I’m bringing you on an adventure #insearchofthesockeye where I’m following this year’s record breaking sockeye salmon run up our Fraser River. First I INTRODUCED you to this species and this year’s run, then I SHOWED YOU the best places to buy it and today I’m taking you onto the river to catch one of these wonderful fish. Forgive me for skipping forward with the photo below but I wanted to show you the prize first and then talk about how I got to it.
The journey to my first sockeye salmon (caught last week!) may be a little different than yours as I’ve been fishing for trout most of my life. My dad started me early and I’ve been finding that this is usually the case; people who fish a lot have usually been introduced to it by family members early on. For those of you who haven’t had that experience but are interested in fishing, Pacific Angler (who you may have noticed is sponsoring this series) has a range of courses to help you learn about fishing and how to fish. For beginners and seasoned vets, HERE is a list of all of them.
As a trout fisherman I’ve always used a small rod with a tiny reel; the fish I’m used to catching weigh less than a pound each. The sockeye are generally at least five times that size so Pacific Angler outfitted me with a larger Fenwick rod and an Abu Garcia Ambassadeur baitcasting reel. All-in this pro setup cost a little less than $400 and will survive decades of use. I’m looking forward to many more salmon fishing adventures with it.
They handed me a list of spots to hit up on the Fraser (you can pick up a printed copy of them in-store), and the proper tackle as well as some basic instructions and I was on my way. I landed at this spot between Chilliwack and Hope, right off the highway.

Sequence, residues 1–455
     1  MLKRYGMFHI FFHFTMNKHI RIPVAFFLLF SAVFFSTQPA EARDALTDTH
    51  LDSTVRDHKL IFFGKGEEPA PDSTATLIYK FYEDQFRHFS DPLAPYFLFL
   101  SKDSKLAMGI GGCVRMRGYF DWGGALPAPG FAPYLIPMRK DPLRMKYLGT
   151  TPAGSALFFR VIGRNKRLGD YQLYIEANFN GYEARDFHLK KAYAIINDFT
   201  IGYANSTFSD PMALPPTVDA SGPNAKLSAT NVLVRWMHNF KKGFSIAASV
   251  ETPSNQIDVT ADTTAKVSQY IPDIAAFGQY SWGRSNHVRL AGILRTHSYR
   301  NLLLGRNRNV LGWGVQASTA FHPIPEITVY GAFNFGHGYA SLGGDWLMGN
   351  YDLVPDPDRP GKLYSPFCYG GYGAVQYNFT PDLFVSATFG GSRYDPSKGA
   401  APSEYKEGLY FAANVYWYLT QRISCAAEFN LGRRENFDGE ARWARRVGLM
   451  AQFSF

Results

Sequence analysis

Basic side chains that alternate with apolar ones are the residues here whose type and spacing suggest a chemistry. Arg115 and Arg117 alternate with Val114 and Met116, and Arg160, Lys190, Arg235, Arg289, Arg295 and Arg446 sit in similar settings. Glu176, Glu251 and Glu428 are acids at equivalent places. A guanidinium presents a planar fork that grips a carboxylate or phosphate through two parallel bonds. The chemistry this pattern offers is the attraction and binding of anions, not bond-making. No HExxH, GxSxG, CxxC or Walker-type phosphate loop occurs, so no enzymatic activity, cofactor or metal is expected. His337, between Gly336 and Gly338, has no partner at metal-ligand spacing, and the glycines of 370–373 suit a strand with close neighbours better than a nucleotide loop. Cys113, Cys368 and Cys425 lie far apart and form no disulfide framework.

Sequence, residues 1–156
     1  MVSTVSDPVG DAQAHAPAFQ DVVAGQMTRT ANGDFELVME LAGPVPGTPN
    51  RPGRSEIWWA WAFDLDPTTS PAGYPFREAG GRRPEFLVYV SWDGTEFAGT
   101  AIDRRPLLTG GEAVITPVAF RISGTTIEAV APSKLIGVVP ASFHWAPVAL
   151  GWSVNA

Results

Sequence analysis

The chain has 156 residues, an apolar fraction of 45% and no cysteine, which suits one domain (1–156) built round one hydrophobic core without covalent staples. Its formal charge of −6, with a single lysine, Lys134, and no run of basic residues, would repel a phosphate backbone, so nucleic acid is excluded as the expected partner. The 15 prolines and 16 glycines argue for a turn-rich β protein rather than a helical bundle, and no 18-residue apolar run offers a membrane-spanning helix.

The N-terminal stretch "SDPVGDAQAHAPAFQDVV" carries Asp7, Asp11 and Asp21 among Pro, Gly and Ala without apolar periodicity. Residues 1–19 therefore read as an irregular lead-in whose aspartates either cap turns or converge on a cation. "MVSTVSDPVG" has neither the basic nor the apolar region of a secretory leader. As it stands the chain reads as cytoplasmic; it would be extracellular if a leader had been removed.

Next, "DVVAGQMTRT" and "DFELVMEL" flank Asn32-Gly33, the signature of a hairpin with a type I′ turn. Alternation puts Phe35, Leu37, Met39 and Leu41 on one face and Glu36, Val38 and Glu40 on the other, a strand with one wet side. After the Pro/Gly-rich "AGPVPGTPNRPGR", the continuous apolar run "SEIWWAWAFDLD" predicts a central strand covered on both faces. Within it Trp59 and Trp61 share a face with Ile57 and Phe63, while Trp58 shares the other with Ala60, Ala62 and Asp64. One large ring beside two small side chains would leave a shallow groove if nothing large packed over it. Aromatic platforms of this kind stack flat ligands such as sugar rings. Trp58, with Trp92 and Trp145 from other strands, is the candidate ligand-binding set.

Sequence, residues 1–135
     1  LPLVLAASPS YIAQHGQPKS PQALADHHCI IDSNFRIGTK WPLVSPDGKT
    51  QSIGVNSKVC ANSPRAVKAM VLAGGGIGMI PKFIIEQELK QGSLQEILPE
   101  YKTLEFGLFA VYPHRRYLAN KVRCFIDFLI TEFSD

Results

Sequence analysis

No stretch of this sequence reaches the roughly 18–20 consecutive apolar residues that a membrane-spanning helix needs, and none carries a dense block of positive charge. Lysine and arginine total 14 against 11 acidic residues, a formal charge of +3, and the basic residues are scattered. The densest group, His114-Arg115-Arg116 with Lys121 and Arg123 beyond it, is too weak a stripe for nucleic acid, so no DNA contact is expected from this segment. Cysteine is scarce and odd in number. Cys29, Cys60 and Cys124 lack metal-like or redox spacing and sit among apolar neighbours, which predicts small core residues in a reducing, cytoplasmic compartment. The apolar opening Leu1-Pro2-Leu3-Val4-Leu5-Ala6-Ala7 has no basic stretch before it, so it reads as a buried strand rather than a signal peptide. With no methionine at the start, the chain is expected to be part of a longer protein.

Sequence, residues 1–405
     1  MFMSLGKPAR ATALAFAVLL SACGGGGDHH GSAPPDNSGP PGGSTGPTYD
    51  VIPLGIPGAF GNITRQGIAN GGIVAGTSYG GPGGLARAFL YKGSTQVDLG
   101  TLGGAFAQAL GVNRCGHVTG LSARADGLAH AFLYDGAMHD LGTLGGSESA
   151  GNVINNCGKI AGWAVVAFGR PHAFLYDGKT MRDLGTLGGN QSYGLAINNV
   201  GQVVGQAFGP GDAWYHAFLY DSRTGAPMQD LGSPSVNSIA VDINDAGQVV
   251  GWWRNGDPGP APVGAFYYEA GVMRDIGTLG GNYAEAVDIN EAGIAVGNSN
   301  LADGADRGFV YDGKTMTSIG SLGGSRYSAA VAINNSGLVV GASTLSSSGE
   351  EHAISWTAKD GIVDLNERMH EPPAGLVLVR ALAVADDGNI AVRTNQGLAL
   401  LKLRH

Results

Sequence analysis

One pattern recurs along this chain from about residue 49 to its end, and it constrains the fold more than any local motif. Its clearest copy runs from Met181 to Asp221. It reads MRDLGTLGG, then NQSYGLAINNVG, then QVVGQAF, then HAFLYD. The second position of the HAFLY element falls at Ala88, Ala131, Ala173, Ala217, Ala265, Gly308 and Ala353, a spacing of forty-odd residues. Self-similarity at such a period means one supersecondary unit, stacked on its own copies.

Unless you’ve got a boat that can make it up the river during these big salmon runs you’re going to see quite a few other fishermen at the best spots you can access. This is what it looked like during most of the five trips I took out to catch my first sockeye.
It took a few trips for me to get used to the style of fishing used to catch sockeye on the river (which is different than the method they use when fishing for the same salmon on the ocean), and on my fifth trip I landed a female fish which I gutted and brought home to the BBQ. I used to struggle with the idea of catching a fish that’s on its way to reproduce but when the runs are as crazy big as they are right now my fish isn’t even a dent, plus if I’m catching (and keeping) a salmon at any point in its life cycle it won’t live to reproduce. In addition, the Department of Fisheries and Oceans monitors the amount of fish going up the river and sets catch limits for us fishermen that will ensure a sustainable amount of them will make it to the spawning grounds. Right now the limit is two per person per day on the river or four if you’re catching them in the ocean. I caught one on my fifth visit to the river and another on my sixth and I plan to go back at least a couple more times to catch more before I take you up to their spawning grounds on a road trip. I can’t wait.
If you’re not interested in getting all the gear and learning but simply want to get out on a boat and have somebody else do most of the work (except for reeling the fish in!) they also have a charter company where they bring people out fishing. It’s more costly than hitting the river (a five hour charter starts at $500) but you’re basically guaranteed to catch a sockeye or four, and as I said they pretty much line em up and you reel em in. HERE is the info and pricing for those trips.
|This series is sponsored by Pacific Angler, Vancouver’s store for the fishing enthusiast. If you’re looking for a specific fishing item or planning your next (or first!) fishing trip, their knowledgeable and friendly staff can provide you with the information you need. They also offer a comprehensive and broad range of seminars, courses and fully guided trips for anglers new and old. Visit them at 78 E Broadway and pacificangler.ca|